Microsoft to add new policies that will limit internal searches

Earlier today, it was revealed that Microsoft accessed the email of an unnamed blogger's Hotmail account to find the source of Windows 8 code leaks, The revelation raised questions about the privacy of all Hotmail or emails, even though Microsoft's own Terms of Service state flat out that the company does have the right to search those accounts if it feels such actions will be needed to "protect the rights or property of Microsoft or our customers."

That certainly seems to be the case in this particular instance, but now Microsoft has sent the Re/code website a statement from its Deputy General Counsel John Frank on this matter. Frank says the company will now be adding a couple of extra steps in its policies to make sure that the rights of its Hotmail and customers are protected.

Frank's statement said, in part:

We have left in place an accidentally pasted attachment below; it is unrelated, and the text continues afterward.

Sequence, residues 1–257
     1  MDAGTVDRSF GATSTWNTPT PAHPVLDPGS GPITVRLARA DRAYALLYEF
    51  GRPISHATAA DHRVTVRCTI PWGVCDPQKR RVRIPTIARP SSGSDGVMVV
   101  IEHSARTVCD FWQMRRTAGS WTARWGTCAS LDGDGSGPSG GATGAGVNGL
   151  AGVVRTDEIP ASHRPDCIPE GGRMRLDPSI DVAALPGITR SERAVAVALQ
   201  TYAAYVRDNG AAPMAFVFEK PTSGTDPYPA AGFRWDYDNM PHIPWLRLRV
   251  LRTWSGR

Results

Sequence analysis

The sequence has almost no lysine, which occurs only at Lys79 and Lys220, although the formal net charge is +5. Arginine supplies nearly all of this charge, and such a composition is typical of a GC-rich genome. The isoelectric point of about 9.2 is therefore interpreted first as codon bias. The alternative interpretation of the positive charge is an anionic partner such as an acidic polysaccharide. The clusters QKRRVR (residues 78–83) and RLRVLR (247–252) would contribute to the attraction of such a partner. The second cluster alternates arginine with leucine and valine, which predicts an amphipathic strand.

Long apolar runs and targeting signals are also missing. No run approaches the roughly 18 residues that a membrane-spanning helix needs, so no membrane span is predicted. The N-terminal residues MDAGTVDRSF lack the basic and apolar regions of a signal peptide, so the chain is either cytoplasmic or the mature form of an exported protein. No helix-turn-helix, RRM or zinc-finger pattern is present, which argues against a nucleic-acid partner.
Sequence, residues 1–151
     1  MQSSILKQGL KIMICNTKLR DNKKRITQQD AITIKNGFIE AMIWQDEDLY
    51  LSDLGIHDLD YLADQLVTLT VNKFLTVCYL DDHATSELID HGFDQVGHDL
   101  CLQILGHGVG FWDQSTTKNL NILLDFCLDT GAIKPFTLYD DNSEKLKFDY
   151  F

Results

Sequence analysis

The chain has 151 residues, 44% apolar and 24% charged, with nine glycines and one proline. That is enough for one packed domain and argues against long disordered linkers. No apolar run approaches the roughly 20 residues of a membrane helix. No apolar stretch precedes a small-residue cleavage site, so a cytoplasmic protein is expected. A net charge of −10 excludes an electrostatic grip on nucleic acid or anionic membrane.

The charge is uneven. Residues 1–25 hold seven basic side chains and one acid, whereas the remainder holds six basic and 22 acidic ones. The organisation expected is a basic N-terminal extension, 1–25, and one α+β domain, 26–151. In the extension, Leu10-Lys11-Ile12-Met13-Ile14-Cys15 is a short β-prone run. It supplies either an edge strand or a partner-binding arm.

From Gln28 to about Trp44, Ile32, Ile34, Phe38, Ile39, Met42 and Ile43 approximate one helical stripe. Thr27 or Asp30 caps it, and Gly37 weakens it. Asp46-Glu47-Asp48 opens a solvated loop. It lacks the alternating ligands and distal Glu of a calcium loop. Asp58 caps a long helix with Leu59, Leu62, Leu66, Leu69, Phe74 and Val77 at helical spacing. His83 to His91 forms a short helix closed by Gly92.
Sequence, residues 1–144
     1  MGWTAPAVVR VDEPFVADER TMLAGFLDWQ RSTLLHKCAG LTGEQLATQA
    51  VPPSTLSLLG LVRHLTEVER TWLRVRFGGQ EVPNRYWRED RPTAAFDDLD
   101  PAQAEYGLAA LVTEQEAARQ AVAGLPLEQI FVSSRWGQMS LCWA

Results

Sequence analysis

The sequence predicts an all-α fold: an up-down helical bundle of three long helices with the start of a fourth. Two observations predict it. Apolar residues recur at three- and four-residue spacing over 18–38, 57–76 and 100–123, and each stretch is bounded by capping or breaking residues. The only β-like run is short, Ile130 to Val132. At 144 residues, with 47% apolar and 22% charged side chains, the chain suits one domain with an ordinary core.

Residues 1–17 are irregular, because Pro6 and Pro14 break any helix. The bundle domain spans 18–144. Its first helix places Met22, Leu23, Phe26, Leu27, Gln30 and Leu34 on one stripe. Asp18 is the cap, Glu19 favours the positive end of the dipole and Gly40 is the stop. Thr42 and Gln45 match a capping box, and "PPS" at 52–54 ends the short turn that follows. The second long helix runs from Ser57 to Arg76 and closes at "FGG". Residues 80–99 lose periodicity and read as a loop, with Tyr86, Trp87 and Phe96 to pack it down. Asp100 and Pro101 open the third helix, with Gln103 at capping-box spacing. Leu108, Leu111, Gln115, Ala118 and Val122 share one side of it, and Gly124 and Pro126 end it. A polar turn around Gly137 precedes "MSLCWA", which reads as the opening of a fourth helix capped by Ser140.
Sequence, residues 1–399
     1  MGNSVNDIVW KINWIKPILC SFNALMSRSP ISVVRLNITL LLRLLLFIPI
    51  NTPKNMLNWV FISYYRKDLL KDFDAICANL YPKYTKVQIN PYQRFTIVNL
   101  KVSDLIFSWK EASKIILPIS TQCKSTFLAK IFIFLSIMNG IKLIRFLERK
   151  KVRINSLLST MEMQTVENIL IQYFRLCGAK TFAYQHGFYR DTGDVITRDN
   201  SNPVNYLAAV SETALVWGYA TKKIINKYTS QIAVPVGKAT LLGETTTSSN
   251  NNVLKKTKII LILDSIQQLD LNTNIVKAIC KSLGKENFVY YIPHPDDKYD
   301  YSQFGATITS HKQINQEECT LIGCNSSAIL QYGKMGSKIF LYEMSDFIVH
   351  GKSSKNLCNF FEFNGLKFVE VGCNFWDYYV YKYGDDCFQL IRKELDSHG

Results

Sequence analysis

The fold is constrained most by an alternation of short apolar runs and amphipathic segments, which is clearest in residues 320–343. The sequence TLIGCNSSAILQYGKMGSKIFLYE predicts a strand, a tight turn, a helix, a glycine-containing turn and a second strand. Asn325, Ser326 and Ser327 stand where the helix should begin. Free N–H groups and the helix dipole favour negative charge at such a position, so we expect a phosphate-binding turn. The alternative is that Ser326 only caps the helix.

To ensure we comply with the standards applicable to obtaining a court order, we will rely in the first instance on a legal team separate from the internal investigating team to assess the evidence. We will move forward only if that team concludes there is evidence of a crime that would be sufficient to justify a court order, if one were applicable. As an additional step, as we go forward, we will then submit this evidence to an outside attorney who is a former federal judge. We will conduct such a search only if this former judge similarly concludes that there is evidence sufficient for a court order.

Frank says that email searches for information related to company property will not expand to other matters, and such investigations will be supervised by counsel to make sure this rule is followed. Finally, Microsoft will add the number of those particular kinds of searches as part of its bi-annual data transparency report from now on. His statement added, "The privacy of our customers is incredibly important to us, and while we believe our actions in this particular case were appropriate given the specific circumstances, we want to be clear about how we will handle similar situations going forward."

Source: Re/code | Image via Microsoft

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